Developments in Heating and Cooling

In honor of Columbus Day, it’s interesting to visualize just what the early explorer would have seen. Consider the housing that he saw in the Americas and how much it has changed to its current state in modern America. The homes of people in the Americas hundreds of years ago were simple, small spaces. They usually only had one room to house everything that the family owned. Home-building techniques were adjusted to the materials that were available, the climate, and the make-up of the area where the house was going to stand. One of the biggest changes in our quality of life from then to now has been in the way we control the temperatures of our home.

Developments in Heating and Cooling

Air Conditioners

Back then, the homes built did not use HVAC (heating, ventilation, air-conditioning) facilities. It was all about natural cooling, heating, and ventilation, but in recent centuries, people learned to create air control systems. Demand was high, especially in areas where temperatures were extreme. The machine they developed was called the air-conditioning unit, and the man who invented it was Alfred Wolff. At around the same time, Willis Carrier came up with another air-cooling unit. Carrier’s unit became the predecessor of the modern air-conditioning unit and the HVAC itself. Carrier’s model had control over temperature, air filtering, ventilation and circulation of cold air and humidity.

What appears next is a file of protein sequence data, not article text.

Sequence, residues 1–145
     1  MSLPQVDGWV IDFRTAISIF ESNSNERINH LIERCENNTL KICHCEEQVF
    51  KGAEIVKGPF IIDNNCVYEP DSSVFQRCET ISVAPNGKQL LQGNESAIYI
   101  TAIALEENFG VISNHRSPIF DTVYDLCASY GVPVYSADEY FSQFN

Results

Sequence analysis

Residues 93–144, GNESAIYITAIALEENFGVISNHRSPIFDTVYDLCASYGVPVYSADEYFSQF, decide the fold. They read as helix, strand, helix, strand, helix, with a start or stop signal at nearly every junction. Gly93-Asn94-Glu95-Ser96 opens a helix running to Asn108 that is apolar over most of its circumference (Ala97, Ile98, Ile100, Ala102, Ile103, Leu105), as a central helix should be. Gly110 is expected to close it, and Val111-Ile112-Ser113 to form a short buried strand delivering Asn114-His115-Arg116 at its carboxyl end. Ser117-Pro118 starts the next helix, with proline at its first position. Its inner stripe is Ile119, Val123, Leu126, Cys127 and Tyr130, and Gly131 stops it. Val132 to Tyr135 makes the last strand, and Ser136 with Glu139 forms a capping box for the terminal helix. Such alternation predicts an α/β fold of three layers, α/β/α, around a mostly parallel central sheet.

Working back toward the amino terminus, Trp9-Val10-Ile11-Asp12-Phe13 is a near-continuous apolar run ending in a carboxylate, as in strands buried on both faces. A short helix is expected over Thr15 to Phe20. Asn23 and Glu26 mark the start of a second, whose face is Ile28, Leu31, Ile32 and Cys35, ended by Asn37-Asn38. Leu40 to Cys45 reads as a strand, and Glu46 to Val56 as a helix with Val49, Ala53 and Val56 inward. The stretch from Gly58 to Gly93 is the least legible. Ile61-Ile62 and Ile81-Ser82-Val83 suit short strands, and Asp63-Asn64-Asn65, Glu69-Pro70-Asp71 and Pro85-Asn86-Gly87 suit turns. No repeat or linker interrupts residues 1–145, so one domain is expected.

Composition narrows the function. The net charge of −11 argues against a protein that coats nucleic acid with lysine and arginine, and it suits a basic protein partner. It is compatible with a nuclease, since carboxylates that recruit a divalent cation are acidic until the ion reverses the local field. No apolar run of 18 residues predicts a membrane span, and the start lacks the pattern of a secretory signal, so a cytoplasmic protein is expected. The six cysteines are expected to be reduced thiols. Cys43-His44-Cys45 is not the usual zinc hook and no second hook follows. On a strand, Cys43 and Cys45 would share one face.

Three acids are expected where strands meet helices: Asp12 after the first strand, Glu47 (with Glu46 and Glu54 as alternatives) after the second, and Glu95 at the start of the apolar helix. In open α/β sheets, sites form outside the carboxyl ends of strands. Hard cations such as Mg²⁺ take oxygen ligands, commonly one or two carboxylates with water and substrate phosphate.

Today, people have seen vast improvement in HVAC efficiency when it comes to air and temperature management.

Heaters

Back in old times, heating was produced in mason stoves. Then came the chimney—an important part of heating history.

Next came the warm air system that started with a central heat source that could be conducted throughout the home. The Industrial Revolution advanced this development. In 1805, William Strutt came up with a furnace that ushered warm air into different rooms through ducts. The entries to rooms had dampers that allowed residents to control how much war air entered a room. This progressed to warm-air furnaces that hit their stride in the late 1800s. Then came hot water heating and steam heating. Boilers and radiators both became popular. Thermostats were another big development, allowing people to more effectively control exactly how much heat they wanted in their home. And of course, automatic heating allowed us to turn heat on and off on demand.

It was a long road to rise to our current standards. Next time you flip on the A/C or the heat, consider the developments that lead to the comfort we now enjoy.